Just As I Thought

Democracy in Iraq

Wow, the upcoming Iraqi election really is going to be like our own:

With just over two weeks until the Iraqi elections, the United States is lowering its expectations for both the turnout and the results of the vote, increasingly emphasizing other steps over the next year as more important to Iraq’s political transformation, according to U.S. officials.

The Bush administration played down voter turnout yesterday in determining the elections’ legitimacy and urged Americans not to get bogged in a numbers game in judging the balloting, a reflection of the growing concern over how much the escalating insurgency and the problem of Sunni participation may affect the vote.

“I would . . . really encourage people not to focus on numbers, which in themselves don’t have any meaning, but to look on the outcome and to look at the government that will be the product of these elections,” a senior administration official said, speaking on the condition of anonymity at a White House briefing yesterday. The official highlighted the low voter turnout in U.S. elections as evidence that polling numbers are not essential to legitimacy.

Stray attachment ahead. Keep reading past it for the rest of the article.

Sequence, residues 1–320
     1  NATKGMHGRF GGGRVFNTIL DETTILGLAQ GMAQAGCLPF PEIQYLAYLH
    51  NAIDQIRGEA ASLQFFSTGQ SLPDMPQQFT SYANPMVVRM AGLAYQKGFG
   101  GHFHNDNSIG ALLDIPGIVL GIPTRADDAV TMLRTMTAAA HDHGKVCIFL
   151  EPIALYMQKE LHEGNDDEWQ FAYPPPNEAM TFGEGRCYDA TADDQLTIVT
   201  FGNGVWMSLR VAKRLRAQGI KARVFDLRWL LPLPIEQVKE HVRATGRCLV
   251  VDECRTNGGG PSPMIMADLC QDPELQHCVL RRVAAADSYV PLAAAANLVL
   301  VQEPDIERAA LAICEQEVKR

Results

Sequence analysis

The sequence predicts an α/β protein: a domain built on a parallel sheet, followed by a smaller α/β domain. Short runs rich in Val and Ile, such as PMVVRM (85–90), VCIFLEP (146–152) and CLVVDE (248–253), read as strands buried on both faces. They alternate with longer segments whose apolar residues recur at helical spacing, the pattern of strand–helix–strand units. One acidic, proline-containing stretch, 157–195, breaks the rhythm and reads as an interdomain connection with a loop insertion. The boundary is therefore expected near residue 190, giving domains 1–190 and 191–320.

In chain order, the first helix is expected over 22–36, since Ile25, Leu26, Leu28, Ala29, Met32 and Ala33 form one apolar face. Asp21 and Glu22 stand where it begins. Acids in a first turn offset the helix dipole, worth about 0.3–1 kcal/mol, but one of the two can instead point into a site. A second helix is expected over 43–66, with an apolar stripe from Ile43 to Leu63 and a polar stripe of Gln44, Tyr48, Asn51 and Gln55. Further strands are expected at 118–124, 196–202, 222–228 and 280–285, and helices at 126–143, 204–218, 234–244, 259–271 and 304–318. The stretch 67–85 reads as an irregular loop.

If there’s one thing the Bush administration does very well, it’s ignoring the meaning of numbers.
51% = mandate.
Spending surplus + lower taxes + higher spending = less deficit
zero weapons of mass destruction = need to invade

Meeanwhile, there’s one important way this election is not like ours: evidently, Iraqi immigrants in the U.S. can vote in it! Gee, do you think that Iraqis who emigrated to the U.S. are likely to vote for a hard line, theocratic ruler in Iraq? I wonder if that’s why the election has been opened to them…
Can you imagine the results if the U.S. election was open to emigrants? Say, all Americans who fled the country because of the dictatorial ruler, who went to Canada, are allowed to “remotely” vote. Wow… just imagine.

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